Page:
Save

Save

Save

Save

Save

Canada, Travel

When a mudslide tries to stop you catching a ferry

July 11, 2017

On the ferry to Vancouver Island

Our first 24 hours in Canada were a real mixed bag of “thank goodness we’re here” and “WHAT DO WE DO?!”. We emerged from a 9-hour flight having had no sleep thanks to two kids annoying each other and screaming the entire time to find out Hertz had given us a clown car.

Clown car avoided, we relaxed as we got on the 1 headed for Canmore to pick up our camping equipment. This was the moment we had been reminding ourselves of for months whenever we were stressed, “just think about being in the car on the way to Canmore,” we would say to each other. Everything was good in Canmore and we began the drive to our bed and breakfast in Golden.

The view over Golden from Le Beausoleil Bed and BreakfastCue the worst rain either of us had ever seen, much less driven in. You could barely see five metres in front of you. It eased off as we arrived at Golden, to the most welcoming and homely feeling B&B we’d ever been to. (If you are ever in Golden, stay there.) Our hosts at Le Beausoleil B&B were lovely and recommended local restaurant for dinner Eleven22 and boy, was that a good recommendation. It was exactly what we needed after way too long without sleep. To be honest, I’m still thinking about their lemon basil pesto pasta and could go for it right now.

After a truly restful nights sleep and delicious breakfast of homemade bagels and waffles, we hopped into the car refreshed and ready for eight hours of driving to Whistler. Let me tell you that that joy lasted about five minutes until we got to the junction for highway 1 in Golden. We saw a queue of traffic, cars turning around and no one seemed to be going over the junction to the 1. When we got to the front of the line, we were told a huge mudslide overnight had shut the road between Golden and Revelstoke and there was no real way around.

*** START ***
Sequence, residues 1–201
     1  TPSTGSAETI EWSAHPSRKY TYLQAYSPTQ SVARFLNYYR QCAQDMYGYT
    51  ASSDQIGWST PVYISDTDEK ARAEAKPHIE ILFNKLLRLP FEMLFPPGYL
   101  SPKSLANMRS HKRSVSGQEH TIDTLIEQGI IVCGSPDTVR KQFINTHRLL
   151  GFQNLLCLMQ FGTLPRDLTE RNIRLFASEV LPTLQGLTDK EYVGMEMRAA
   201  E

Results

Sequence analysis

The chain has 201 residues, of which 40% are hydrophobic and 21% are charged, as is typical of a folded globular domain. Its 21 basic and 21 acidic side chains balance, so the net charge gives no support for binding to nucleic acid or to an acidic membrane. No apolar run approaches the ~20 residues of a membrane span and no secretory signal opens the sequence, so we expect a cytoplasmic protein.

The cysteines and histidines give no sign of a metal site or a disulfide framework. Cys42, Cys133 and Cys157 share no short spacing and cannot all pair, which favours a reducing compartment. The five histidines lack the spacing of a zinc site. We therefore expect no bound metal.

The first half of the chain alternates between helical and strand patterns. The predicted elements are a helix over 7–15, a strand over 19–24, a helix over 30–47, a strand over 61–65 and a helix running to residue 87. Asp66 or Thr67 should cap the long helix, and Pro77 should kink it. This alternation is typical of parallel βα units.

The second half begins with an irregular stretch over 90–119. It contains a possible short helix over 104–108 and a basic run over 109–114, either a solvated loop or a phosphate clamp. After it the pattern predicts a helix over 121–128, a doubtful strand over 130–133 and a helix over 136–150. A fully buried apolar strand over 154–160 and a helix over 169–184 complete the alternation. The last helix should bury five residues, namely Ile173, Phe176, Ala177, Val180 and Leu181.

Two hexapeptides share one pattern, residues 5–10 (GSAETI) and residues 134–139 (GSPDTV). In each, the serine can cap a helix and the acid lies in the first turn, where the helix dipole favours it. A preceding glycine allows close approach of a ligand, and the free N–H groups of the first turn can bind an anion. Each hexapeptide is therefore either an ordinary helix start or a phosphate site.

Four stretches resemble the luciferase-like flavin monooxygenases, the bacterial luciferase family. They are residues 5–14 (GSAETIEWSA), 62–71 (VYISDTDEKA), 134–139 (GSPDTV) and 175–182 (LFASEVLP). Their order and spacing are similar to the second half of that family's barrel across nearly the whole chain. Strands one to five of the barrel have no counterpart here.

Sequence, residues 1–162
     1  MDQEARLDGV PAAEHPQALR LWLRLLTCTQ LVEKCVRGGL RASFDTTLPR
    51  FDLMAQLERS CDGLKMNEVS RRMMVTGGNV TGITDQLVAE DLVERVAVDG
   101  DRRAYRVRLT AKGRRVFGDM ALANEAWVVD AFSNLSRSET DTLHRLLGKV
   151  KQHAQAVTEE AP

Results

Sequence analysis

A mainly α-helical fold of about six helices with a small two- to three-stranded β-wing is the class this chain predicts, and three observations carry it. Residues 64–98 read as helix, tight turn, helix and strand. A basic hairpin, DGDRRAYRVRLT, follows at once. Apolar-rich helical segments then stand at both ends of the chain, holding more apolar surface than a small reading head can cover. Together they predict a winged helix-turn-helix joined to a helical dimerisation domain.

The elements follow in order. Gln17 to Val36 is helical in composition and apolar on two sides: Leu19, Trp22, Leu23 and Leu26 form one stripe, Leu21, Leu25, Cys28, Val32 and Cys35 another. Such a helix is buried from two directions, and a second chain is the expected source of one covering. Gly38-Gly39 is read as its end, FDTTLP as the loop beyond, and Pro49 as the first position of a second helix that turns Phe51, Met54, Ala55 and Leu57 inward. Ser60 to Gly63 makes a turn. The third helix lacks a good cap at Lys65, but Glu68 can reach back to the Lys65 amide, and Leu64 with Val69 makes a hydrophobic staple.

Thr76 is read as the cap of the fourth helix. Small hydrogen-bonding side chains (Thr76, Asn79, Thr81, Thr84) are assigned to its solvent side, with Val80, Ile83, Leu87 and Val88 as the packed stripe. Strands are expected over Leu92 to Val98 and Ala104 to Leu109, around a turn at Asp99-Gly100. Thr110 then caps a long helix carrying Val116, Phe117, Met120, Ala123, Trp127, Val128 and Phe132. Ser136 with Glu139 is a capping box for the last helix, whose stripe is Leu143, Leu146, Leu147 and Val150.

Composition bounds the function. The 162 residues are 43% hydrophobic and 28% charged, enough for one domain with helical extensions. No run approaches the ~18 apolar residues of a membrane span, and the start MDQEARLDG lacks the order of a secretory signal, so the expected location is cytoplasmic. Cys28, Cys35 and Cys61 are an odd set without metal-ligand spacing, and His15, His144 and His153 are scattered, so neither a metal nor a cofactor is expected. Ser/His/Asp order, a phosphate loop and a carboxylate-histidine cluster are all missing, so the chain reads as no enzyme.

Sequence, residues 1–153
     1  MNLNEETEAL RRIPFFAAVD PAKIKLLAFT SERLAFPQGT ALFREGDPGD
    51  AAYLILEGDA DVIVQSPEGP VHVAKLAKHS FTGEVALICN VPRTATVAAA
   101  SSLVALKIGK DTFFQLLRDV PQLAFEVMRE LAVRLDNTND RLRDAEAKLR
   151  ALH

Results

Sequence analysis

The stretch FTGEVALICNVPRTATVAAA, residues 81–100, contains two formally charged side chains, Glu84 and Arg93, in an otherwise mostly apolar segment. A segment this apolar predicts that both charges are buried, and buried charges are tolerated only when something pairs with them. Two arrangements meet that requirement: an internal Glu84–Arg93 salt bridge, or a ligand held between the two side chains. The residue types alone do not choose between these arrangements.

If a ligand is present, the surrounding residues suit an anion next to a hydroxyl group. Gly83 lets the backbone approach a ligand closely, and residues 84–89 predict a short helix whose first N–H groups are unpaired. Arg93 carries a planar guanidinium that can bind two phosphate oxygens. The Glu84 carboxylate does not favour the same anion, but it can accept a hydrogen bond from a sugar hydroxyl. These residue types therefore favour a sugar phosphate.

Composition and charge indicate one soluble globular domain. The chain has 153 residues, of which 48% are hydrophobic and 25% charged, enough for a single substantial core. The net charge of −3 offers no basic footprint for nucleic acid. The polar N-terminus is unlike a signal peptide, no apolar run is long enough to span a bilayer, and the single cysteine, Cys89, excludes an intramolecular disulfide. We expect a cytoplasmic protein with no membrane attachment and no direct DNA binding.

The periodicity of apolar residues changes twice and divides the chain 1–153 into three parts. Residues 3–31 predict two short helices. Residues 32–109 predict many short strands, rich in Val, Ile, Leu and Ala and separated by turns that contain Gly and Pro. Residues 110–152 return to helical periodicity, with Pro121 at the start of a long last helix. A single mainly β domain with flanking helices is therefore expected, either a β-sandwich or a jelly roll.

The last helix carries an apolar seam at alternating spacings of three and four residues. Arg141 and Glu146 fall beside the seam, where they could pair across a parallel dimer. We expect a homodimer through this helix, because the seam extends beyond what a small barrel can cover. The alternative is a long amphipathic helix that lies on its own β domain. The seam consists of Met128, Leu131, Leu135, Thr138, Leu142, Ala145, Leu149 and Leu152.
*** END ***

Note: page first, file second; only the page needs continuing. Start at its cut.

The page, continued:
As we had a ferry booked from Vancouver at lunch time the day after, we really needed to get there and waiting to see if the road reopened later on (which we were told was very unlikely) was not an option. The stress was real.

We were given the suggestions of driving up to Jasper and down to Whistler, or going via Cranbrook and staying somewhere south of Vancouver, missing out on Whistler. Cranbrook seemed a couple of hours shorter so we decided on that route and managed to find a last minute motel in Hope.

It took us about an hour to calm down from that dilemma to realise there was a bright side here; we were going on a ‘proper adventure’ because we had no idea where we were going or what we would see. That excited us and it was all going smoothly until the traffic came to a halt at 2pm on a mountain road.

Traffic randomly coming to a stop because someone saw a bear, a goat, some elk, or something else is not that uncommon in Canada so we told ourselves we’d be moving in no time. Sure enough, we began moving again a few minutes later. And then we stopped.

Stuck in traffic

This was our view for two hours -.-‘

When people begin getting out of their cars, you know it’s not a good sign. We sat there for an hour and a half before seeing a lady in hi-vis, looking pretty pee’d off, who said, “you should get moving in the next half hour. They’ve blasted a hole in the road; don’t ask me why they’re blasting on a Friday afternoon.”

True to her word, we did get moving in the next half hour and we were curious to find out what this hole was. We were thinking it would be a large pothole but no; the entire right handside of the carriageway was missing for a good 3 – 4 metres. I am still kicking myself for not taking a photo of it but forgive me because I was too busy gawping saying “THE ENTIRE ROAD HAS GONE!”

The remainder of our drive took us through some parts of Canada we never expected to see; the Okanagan Valley, which looks so Mediterranean and is full of vineyards. Osoyoos was particularly breathtaking; we just weren’t expecting to see anything like that on our trip. The mountain roads began to feel a little dicey as darkness fell and we were coming up on well over 12 hours of driving (I say we, I mean Daz). We eventually found Hope (literally and figuratively) at about 11pm and fell into our beds after a really half-assed meal of rubbish noodles and Kraft mac n’cheese.